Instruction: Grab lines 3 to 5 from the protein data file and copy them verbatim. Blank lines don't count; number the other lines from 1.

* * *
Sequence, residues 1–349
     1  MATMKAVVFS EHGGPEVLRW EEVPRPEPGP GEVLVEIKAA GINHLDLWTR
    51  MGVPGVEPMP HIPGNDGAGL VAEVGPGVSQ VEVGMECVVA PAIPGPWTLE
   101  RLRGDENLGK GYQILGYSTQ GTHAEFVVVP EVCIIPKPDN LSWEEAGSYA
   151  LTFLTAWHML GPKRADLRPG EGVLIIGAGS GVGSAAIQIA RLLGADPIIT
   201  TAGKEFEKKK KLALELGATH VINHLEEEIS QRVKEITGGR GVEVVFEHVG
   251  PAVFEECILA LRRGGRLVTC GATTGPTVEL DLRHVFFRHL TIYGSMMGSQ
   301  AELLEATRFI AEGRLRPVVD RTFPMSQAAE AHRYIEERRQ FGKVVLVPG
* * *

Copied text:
    51  MGVPGVEPMP HIPGNDGAGL VAEVGPGVSQ VEVGMECVVA PAIPGPWTLE
   101  RLRGDENLGK GYQILGYSTQ GTHAEFVVVP EVCIIPKPDN LSWEEAGSYA
   151  LTFLTAWHML GPKRADLRPG EGVLIIGAGS GVGSAAIQIA RLLGADPIIT